The Big Tattoo

It came to pass. It did not come to stay.

This statement lives on the right side of my torso. It was beautifully painful to get. People with large tattoos in tender spots know what I’m talking about. The experience – it’s a special kind of high.

I got it in the fall of 2011. I was about 18 months into my healing journey. I was still in a place of deep pain, but I was trying new things (like holistic nutrition classes) and reading a lot of Buddhist inspired teachings (like Tara Brach’s Radical Acceptance and Pema Chondron’s When Things Fall Apart). I was discovering who I was and what I valued. I was also drawn to toxic people and dark, dramatic situations. There was a whole lot of two steps forward one step back going on.

Forward steps included exploring impermanence – the Buddhist belief that existence is always changing, always evanescent. This brought me much relief. It helped me reframe my suffering. It allowed me to accept that how like joy is not a constant state, neither is anguish.
This tattoo is quite clear in it’s message to myself. That emotional states will change just as the material aspects of life will change. That the people in your life may come and go, live and die. My tattoo is a meditation of sorts on loss that makes me feel grounded to the reality of constant change and experience equanimity no matter what life throws at me.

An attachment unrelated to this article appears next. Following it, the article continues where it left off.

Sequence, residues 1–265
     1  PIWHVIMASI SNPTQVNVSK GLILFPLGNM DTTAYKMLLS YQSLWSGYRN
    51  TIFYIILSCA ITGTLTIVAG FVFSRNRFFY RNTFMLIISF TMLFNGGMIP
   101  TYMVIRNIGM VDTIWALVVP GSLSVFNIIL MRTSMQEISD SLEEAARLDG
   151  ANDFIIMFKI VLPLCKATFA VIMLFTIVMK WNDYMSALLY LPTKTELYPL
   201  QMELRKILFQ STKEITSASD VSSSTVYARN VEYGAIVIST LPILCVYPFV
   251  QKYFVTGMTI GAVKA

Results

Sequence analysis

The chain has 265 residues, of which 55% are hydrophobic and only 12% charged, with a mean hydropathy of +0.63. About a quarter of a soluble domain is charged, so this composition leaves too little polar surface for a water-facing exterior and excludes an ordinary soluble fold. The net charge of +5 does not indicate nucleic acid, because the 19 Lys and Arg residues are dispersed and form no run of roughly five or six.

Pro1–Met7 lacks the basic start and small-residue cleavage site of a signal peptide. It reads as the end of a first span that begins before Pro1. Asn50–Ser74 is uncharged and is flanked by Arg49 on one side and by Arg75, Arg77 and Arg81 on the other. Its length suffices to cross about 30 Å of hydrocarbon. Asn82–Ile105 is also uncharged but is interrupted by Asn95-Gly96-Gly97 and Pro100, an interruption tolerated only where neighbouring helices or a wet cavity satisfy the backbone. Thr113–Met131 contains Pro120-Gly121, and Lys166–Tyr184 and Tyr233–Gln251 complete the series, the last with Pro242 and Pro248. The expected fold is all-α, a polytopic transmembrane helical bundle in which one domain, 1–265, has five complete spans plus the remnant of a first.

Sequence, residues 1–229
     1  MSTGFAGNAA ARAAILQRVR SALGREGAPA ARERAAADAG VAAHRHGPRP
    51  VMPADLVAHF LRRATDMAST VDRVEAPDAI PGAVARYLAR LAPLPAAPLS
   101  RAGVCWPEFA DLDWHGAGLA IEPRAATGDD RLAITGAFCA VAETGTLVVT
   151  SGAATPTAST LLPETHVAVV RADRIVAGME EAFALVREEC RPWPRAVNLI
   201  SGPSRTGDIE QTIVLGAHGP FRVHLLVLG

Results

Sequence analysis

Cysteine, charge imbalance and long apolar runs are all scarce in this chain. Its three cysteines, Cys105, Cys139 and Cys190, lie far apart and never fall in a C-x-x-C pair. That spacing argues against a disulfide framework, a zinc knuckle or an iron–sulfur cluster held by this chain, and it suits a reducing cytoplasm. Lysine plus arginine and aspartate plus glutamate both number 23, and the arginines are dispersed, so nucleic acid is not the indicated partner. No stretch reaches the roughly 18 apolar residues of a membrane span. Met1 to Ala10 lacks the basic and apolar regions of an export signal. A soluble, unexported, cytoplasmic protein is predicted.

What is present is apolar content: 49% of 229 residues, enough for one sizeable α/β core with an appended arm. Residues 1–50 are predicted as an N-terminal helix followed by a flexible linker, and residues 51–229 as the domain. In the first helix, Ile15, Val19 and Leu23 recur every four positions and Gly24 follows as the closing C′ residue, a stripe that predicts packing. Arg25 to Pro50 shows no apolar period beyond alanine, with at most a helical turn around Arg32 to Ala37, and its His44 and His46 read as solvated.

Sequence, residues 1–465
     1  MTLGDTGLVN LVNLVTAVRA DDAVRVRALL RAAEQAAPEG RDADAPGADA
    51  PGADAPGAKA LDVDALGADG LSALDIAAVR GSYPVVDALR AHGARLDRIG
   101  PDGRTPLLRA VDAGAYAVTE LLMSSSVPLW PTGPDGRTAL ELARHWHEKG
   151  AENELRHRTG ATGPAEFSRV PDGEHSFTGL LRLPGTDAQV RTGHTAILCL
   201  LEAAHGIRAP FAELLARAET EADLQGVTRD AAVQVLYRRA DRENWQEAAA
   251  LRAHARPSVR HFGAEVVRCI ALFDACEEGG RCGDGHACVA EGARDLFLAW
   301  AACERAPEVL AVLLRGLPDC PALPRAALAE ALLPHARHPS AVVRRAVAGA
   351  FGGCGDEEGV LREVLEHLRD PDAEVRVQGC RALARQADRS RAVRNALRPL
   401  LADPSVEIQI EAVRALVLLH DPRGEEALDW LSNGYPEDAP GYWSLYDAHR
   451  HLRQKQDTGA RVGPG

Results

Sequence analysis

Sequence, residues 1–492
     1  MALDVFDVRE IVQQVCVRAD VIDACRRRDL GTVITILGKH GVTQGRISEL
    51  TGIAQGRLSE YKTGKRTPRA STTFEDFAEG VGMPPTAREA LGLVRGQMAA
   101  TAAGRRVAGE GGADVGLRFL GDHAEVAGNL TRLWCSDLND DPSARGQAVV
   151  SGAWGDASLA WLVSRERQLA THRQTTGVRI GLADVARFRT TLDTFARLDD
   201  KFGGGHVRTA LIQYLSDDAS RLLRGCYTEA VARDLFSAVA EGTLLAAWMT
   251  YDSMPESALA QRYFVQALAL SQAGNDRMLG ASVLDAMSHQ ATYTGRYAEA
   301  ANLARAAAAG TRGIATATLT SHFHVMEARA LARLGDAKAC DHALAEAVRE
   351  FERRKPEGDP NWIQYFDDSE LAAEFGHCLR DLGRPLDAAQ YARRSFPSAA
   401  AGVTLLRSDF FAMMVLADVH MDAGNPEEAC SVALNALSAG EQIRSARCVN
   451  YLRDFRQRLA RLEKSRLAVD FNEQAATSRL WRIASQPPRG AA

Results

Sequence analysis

A Silly Story About This Tattoo

One time I was with some new acquaintances – a couple. I clicked with her, but not so much with him. I think he was not very bright in terms of emotional intelligence or vocabulary. At one point we were talking about tattoos. He said he wanted to get one along the lines of live hard, die young. I mentioned what I had and when he heard about my larger piece he looked puzzled and said he didn’t understand what it meant. His girlfriend explained it to him and then a light went off for him and he said he would get that one too.

I wasn’t impressed before and I certainly wasn’t impressed then.

I bumped into them another time and he told me he got a tattoo saying no regrets.

Here is a lovely post by Leo Babauta (Zen Habits) about impermanence because I have to leave you with some optimism not cynicism.

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